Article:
Food group Glanbia has said that the overall group is performing to expectations so far this year.
In an interim management statement, the company reiterated its outlook for this year of 8% to 10% growth in adjusted earnings per share.
But it said it expects its first half earnings growth to be stronger than the second half due mainly due to the timing of market price movements.
Glanbia said that its Dairy Ireland revenues for the first four months of the year grew by about 2% with volumes 2% higher while price increases contributed over 4%. But the sale of the Yoplait Ireland franchise last year had a negative impact on revenues.
The company said that the retail environment in Ireland remains ''very challenging'' and its consumer products division had a difficult start to the year.
''While the business continues to focus on cost reduction programmes to ensure a sustainable basis for the business in the longer term, the outlook for 2013 is for a significantly lower first half and second half performance,'' Glanbia stated.
Glanbia said that the performance of its agri-business division was ''solid''. It said that the division's outlook is to deliver growth in the first half relative to 2012 and to be somewhat ahead for the full year.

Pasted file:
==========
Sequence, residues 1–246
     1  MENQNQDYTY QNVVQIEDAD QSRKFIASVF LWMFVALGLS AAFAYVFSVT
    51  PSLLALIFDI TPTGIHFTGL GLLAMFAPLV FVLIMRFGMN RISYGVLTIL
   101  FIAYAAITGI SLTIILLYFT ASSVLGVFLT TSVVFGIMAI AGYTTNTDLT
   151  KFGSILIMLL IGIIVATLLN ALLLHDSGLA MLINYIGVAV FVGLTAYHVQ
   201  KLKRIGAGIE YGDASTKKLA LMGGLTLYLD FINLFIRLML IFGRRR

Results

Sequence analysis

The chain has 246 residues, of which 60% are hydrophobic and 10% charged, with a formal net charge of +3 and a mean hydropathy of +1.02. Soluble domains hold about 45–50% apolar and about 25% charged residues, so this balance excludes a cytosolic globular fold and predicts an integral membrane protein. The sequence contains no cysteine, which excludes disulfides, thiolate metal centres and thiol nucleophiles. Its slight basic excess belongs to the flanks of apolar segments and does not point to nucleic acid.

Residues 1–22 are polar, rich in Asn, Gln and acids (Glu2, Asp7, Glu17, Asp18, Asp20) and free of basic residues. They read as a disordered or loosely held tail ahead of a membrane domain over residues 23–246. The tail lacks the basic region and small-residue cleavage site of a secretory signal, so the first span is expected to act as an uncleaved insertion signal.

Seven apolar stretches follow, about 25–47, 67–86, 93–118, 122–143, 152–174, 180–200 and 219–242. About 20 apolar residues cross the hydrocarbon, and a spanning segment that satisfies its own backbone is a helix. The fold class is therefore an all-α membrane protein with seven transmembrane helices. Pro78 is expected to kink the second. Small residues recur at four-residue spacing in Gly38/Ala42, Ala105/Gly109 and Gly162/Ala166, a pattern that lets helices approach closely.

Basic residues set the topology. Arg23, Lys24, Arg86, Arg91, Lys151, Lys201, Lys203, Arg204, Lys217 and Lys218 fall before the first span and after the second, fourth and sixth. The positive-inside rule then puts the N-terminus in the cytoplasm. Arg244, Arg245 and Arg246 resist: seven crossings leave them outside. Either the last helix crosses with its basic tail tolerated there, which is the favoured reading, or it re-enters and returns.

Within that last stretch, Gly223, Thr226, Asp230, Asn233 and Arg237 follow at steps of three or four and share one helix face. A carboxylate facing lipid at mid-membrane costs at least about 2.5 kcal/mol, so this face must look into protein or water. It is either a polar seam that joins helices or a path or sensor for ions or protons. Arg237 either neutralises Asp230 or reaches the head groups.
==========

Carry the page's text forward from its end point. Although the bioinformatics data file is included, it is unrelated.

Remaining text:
The company said that revenue for its US cheese and global nutritionals division grew by 14% in the first four months of the year. Volumes grew by 8% and price increases contributed almost 4%. Glanbia said it saw a positive impact from the purchase of Aseptic Solutions during the four month period.
See how Glanbia shares performed in Dublin trade
''Trading is in line with expectations and we expect this trend to continue with growth driven by our US cheese and global nutritionals segment and, in particular, performance nutrition,'' commented Glanbia's chief executive John Moloney.
''However, in parts of our portfolio there are some challenges, as indicated in our full year 2012 results, with market conditions expected to lead to lower year on year performances in ingredient technologies and consumer products,'' he added.